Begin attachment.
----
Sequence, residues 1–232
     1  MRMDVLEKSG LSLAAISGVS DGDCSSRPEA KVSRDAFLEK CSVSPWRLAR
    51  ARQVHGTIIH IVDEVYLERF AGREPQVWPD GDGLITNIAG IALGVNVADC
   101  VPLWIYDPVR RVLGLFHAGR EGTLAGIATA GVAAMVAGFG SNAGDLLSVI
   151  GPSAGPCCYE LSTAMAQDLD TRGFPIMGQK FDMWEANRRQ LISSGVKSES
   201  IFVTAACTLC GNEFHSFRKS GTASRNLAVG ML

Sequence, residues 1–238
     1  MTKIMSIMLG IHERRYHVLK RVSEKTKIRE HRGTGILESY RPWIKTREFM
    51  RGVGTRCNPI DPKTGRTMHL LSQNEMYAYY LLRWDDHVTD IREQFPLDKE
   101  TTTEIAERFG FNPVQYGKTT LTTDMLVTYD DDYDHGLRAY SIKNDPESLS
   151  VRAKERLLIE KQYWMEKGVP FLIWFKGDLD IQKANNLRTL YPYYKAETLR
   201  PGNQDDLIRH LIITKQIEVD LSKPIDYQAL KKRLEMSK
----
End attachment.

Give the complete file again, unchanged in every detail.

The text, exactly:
Sequence, residues 1–232
     1  MRMDVLEKSG LSLAAISGVS DGDCSSRPEA KVSRDAFLEK CSVSPWRLAR
    51  ARQVHGTIIH IVDEVYLERF AGREPQVWPD GDGLITNIAG IALGVNVADC
   101  VPLWIYDPVR RVLGLFHAGR EGTLAGIATA GVAAMVAGFG SNAGDLLSVI
   151  GPSAGPCCYE LSTAMAQDLD TRGFPIMGQK FDMWEANRRQ LISSGVKSES
   201  IFVTAACTLC GNEFHSFRKS GTASRNLAVG ML

Sequence, residues 1–238
     1  MTKIMSIMLG IHERRYHVLK RVSEKTKIRE HRGTGILESY RPWIKTREFM
    51  RGVGTRCNPI DPKTGRTMHL LSQNEMYAYY LLRWDDHVTD IREQFPLDKE
   101  TTTEIAERFG FNPVQYGKTT LTTDMLVTYD DDYDHGLRAY SIKNDPESLS
   151  VRAKERLLIE KQYWMEKGVP FLIWFKGDLD IQKANNLRTL YPYYKAETLR
   201  PGNQDDLIRH LIITKQIEVD LSKPIDYQAL KKRLEMSK